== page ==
An explicit and integrated intervention programme for training paper dictionary use in Greek primary school pupils

author: Zoe Gavriilidou, University of Thrace
published: July 27, 2018,   recorded: July 2018,   views: 791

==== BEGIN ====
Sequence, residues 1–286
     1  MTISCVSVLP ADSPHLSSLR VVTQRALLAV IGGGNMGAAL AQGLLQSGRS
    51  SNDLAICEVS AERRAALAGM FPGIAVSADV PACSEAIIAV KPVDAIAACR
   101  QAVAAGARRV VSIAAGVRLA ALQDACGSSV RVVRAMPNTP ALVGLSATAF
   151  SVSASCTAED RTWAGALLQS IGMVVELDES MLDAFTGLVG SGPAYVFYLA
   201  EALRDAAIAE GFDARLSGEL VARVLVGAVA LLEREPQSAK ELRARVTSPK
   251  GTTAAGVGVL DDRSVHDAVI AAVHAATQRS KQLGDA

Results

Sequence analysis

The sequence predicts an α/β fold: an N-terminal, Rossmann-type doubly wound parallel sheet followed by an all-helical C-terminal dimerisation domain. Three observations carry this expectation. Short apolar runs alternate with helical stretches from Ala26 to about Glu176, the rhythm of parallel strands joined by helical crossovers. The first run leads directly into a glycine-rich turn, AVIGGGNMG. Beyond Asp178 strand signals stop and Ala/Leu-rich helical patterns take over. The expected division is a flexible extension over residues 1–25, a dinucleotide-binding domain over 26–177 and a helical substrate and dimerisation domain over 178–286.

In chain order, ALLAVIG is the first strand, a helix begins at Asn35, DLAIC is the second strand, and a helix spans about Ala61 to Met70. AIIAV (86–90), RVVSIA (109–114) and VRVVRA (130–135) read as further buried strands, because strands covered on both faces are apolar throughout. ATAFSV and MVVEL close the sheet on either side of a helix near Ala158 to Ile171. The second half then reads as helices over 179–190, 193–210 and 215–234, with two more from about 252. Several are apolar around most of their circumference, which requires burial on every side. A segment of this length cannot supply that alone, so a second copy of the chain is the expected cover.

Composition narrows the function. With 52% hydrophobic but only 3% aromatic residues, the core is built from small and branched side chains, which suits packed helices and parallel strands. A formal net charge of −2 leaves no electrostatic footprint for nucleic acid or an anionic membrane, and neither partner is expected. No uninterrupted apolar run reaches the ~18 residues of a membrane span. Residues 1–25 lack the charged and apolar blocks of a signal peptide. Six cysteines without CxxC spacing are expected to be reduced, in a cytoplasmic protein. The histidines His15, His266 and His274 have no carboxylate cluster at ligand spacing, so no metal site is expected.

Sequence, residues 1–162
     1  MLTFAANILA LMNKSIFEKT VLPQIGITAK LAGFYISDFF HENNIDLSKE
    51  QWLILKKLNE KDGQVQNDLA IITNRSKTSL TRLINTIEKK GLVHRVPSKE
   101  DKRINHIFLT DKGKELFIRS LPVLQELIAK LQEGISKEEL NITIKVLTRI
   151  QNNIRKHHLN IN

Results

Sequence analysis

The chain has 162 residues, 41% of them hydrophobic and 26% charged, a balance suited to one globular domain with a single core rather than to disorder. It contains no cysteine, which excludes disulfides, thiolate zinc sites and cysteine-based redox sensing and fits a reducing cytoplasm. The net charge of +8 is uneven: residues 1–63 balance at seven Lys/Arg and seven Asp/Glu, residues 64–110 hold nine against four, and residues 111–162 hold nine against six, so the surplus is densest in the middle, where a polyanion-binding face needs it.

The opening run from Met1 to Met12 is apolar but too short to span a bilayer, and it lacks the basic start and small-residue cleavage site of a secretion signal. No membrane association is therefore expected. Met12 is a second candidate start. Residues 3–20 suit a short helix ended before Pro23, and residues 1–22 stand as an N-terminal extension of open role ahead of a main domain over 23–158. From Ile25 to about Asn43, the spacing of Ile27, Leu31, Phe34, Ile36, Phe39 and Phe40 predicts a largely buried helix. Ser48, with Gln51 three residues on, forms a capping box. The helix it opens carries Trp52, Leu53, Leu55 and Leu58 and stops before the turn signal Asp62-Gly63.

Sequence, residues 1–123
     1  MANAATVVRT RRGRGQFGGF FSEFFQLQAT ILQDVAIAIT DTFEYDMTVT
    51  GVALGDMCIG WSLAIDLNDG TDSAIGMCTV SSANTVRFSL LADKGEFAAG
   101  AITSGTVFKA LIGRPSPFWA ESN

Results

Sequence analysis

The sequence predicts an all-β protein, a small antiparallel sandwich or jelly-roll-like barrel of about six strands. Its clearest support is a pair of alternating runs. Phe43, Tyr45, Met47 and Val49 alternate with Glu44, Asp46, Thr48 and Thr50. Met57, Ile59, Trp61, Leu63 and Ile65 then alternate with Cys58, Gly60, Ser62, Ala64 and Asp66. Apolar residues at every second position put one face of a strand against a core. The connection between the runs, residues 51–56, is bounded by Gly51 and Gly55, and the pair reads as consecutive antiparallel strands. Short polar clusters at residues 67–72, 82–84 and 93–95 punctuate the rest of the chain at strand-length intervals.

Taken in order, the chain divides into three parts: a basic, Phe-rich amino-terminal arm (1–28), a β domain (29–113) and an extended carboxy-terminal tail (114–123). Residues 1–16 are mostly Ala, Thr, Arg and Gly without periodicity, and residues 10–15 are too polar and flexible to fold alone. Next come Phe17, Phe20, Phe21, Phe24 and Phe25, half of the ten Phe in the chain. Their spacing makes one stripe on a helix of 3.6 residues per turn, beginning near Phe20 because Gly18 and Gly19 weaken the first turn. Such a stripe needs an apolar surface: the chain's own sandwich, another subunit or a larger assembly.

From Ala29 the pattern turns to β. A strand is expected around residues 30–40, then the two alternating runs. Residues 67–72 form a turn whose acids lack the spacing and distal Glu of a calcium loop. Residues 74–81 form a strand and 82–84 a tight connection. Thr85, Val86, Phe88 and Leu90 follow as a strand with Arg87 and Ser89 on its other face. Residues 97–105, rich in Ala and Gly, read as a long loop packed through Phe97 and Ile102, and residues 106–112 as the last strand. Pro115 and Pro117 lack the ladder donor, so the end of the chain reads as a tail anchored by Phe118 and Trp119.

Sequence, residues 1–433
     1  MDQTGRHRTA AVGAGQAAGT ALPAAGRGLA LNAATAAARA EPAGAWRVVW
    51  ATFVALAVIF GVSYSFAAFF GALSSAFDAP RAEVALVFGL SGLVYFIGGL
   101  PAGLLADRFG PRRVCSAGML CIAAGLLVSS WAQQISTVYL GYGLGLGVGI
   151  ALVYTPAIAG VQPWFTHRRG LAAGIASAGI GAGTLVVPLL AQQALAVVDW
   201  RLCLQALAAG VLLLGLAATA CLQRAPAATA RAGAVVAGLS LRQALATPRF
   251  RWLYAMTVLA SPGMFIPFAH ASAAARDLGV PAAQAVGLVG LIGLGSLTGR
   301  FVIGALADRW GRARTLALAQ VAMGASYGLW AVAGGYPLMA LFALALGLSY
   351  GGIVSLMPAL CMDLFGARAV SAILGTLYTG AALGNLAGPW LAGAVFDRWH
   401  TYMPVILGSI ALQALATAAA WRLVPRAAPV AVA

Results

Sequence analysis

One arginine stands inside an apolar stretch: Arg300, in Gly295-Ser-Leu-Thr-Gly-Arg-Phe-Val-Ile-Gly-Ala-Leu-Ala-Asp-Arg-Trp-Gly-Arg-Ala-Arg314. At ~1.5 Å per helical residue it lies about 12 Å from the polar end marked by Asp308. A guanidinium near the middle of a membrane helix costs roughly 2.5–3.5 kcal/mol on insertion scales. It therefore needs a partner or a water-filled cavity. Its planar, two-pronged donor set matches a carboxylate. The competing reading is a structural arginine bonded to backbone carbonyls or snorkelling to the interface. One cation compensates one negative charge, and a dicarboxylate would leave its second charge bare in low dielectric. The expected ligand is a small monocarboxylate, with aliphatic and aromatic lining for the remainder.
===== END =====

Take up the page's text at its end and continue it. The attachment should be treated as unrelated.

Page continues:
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A recent trend in dictionary research resulted in the birth of pedagogical lexicography and the subsequent shift of interest from the dictionary as a product to the dictionary use and users' reference skills or strategies. In response to this development, many claims have been made about the teachability of users' reference skills (Wingate, 2004; Lew & Callas, 2008) or strategies (Gqvriilidou, 2002; 2012; 2013). Dictionary use training may improve specific skills (lemmatization, look up, etc.) that lead to successful dictionary use, increase users' awareness about the variety of instances that different types of dictionaries could be used and the characteristics of all different dictionary types, and enhance overall strategic dictionary use profile of users. Although there have been cases that dictionary use during specific tasks such as reading, writing or vocabulary learning has been questioned (Leffa, 1992; Aust et al. 1993; Taylor & Chan, 1994; Koga, 1995; Tang, 1997; Nesi 1999; Hill & Laufer, 2003), there is a consensus in relevant research that using dictionaries in language learning can be beneficial for the students (Tomaszczyk, 1979; Scholfield, 1982; Summers, 1988; Tono, 1988; Luppescu & Day, 1993; Knight, 1994; Fraser, 1999a; Γαβριηλίδου, 2002; Wingate, 2002, Nesi & Hail 2002, Chen, 2011). Based on this research, the revised National Curriculum for Greek language teaching in primary and lower secondary schools (Pedagogical Institute 2011) placed particular emphasis on dictionary use. Furthermore, acknowledging the positive effect of dictionary use in reading comprehension, writing, vocabulary learning or oral communication, new school dictionaries have been elaborated, and dictionary use exercises have been included in the new Textbooks for language teaching in Greece. However, only one Textbook, the one for Second Primary entitled Ταξίδι στον κόσμο της γλώσσας ‘A trip in Language’s world’ (Gavriilidou, Beze & Sfyroera 2006) incorporated a whole unit of fourteen pages (plus another eight pages in the exercise book) which includes an intervention programme that aims to familiarize students at an early stage (second Elementary, children aged eight years old) with the conventions of their school dictionary and systematically train them in dictionary use. The purpose of this paper is twofold: a) to offer tentative guidelines for teachers who wish to provide dictionary users with systematic training on how to successfully use a dictionary, by presenting the characteristics of the above mentioned innovative intervention programme, and discussing its benefits to dictionary use, b) provide a valid research methodology to researchers who wish to study the effect of training programmes to dictionary use. To do so, first, we focus on the revised curriculum of Greek Language Teaching in Greek Primary and lower secondary schools and present briefly the school dictionaries released recently in Greece. Second, we comment on literature concerning methodological issues and the characteristics of the programme and more specifically, the significance of the intervention’s duration, the importance of a justified choice of tasks for practicing dictionary use strategies, the measurement of dictionary strategy use before and after the instruction and finally the implementation of explicit and integrated strategic dictionary use training. Then, we present how the design of the specific intervention programme responds to the cultivation of reference skills that enhance dictionary use found in previous literature. Finally, we present a research protocol for studying the effect of an intervention training programme to dictionary use. This study contributes to the discussion about both teachability of strategic dictionary use and the effective forms of dictionary use training with integrative language skills. Bearing in mind the call for additional and more rigorous teacher-led intervention programmes for training dictionary use in different learning contexts around the world, we show how an explicit and integrated intervention programme can result in changes of users' habits during dictionary use. The evaluation criteria of such a programme could be the following: improvement in the dictionary use performance, strategy maintenance upon time and finally expansion of dictionary use in various cases.

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